The all-night lunch wagon is the latest idea of the energetic women’s temperance organizations for counteracting the influence of the all-night saloons and the other places of resort of a big city. THese wagons have already appeared upon the streets of Boston, Hartford, New York and other cities, and will soon be put in operation in Philadelphia. In New York, where the plan has proven highly successful, the wagons take up their stand at certain points every night, remaining open from about 8 o’clock in the evening until 4 or 5 in the morning. They attract considerable attention by their odd appearance, which is not unlike that of a big circus wagon. They are fifteen feet long, six feet wide and six feet high, gaily painted, and with a multiplicity of windows which make them very conspicuous when the lamps are lighted inside.
At one end is a little counter behind which stands a white-aproned and white-capped waiter ready to dole out comestibles to all comers. The bill of fare comprises sandwiches of various kinds, pies, hot Frankfurters, milk, coffee, cold meats and other satisfying items, which are retailed at 5 cents each. The wagons are doing a good business in New York , and it is believed that they can be made a success in this city.
4 June 1893, Springfield (MA) Republican, pg. 6:
Night lunch wagons have become fixtures in Adams, North Adams and Pittsfield.
26 August 1893, Worcester (MA) Daily Spy, pg. 2:
Recent Patents.
Reported by John C. Dewey: Thomas H. Buckley, Worcester, lunch wagon body, (design patent);... 
30 March 1894, Boston (MA) Journal, pg. 7:
Corporation Counsel Says Aldermen Have
No Right to Grant Locations.

The history of these wagon restaurants is interesting.
The wagons are made and owned by a man at Worcester who owns the wagons and leaves them to the restaurateurs for something like $1 day. By this it will be seen that it has required very little capital to embark in this novel and lucrative employment.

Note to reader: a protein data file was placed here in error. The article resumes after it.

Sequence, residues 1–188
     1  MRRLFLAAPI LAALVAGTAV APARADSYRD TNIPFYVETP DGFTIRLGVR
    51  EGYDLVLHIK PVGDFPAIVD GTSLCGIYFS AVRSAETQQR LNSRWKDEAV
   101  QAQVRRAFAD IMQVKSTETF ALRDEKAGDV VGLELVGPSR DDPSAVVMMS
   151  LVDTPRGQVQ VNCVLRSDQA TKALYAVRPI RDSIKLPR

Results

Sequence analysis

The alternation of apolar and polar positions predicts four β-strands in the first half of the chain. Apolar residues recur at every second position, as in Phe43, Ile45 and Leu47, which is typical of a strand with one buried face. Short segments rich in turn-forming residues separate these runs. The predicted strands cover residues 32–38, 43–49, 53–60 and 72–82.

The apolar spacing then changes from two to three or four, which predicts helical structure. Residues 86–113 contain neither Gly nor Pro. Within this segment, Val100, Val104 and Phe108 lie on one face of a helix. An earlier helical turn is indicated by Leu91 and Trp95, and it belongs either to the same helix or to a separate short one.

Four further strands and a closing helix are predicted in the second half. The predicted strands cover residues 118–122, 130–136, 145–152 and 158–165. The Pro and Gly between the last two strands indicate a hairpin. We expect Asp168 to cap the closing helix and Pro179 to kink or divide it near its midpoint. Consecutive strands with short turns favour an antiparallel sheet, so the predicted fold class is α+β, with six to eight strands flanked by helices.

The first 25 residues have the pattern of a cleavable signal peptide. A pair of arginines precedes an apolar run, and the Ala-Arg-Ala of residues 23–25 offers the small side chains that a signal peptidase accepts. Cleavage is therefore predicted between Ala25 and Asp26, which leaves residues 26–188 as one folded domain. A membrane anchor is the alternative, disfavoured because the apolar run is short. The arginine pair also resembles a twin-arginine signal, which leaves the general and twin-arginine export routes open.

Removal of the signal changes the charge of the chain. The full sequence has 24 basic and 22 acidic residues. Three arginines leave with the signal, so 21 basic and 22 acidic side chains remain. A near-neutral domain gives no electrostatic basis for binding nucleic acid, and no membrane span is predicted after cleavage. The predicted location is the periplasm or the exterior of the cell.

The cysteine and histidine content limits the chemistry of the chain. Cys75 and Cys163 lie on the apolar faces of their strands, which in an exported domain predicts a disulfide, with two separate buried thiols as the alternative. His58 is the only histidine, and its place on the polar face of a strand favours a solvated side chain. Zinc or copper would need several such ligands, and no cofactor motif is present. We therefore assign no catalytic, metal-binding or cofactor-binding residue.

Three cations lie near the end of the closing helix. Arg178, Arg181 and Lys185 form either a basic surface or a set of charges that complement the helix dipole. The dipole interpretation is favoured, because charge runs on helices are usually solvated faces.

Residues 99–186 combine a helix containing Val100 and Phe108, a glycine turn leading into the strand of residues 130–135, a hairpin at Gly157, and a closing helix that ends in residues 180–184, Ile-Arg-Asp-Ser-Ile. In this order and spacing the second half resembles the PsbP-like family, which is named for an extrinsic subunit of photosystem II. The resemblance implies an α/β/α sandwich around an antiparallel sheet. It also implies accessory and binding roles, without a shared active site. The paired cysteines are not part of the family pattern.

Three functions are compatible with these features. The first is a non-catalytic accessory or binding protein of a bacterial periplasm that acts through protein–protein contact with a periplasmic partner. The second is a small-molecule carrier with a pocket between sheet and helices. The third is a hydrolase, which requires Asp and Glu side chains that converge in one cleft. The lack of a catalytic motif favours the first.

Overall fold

All that was necessary was to secure the influence necessary to get a permit, and then the way was open to the conduct of a very successful commercial enterprise.
Lunch Wagons and Similar Vehicles
Hub June 1894 pages 176-177.
In all our large cities there is a great body of workmen who pursue their calling at night, beginning in the early evening and quitting early in the morning. These have the same demands to meet as the day workers, but because they are less numerous and are scattered, they have less accommodation. With them midnight meals and lunches are a necessity, and yet there are few restaurants that keep open all night. To meet the demands midnight-lunch counters mounted upon wheels have been introduced, and good, plain lunches are served at a moderate cost; the portable restaurant has steadily worked its way into public favor, until now it is a recognized factor of midnight life, and wherever introduced it has proved a profitable investment, as well as a great convenience.
Another portable restaurant is the milk lunch wagon. This is essentially a summer arrangement, and it has proved a boon to hosts of thirsty men, women and children. Buttermilk, which is such a treat to the city denizen, is a leading luxury, to be had at five cents a glass; then there is the innocent ‘“milk shake,” of sweet milk and an egg shaken up by a machine to a foam, which answers in the place of an egg nog.
In all the night lunch wagons, coffee, milk, sandwiches and cold cuts are served at moderate prices, while the day wagons, as a rule, carry milk only, but there is an occasional one that serves hot muffins and milk and coffee.
In order that the Hub’s readers may be kept fully posted as to what there is in use in these lines we illustrate the lunch wagon, Fig. I, known in Boston as the “New England Lunch Wagon,” and in New York as “The Owl.” The general dimensions are given for the benefit of those who may wish to build vehicles of this class.
This wagon has become quite a common feature on the streets of Boston and New York. In the latter city an awning covering tables and stools is used during the warm weather.
24 June 1894, Worcester (MA) Daily Spy, part II, pg. 10:
T. H. Buckley Places a New Night Lunch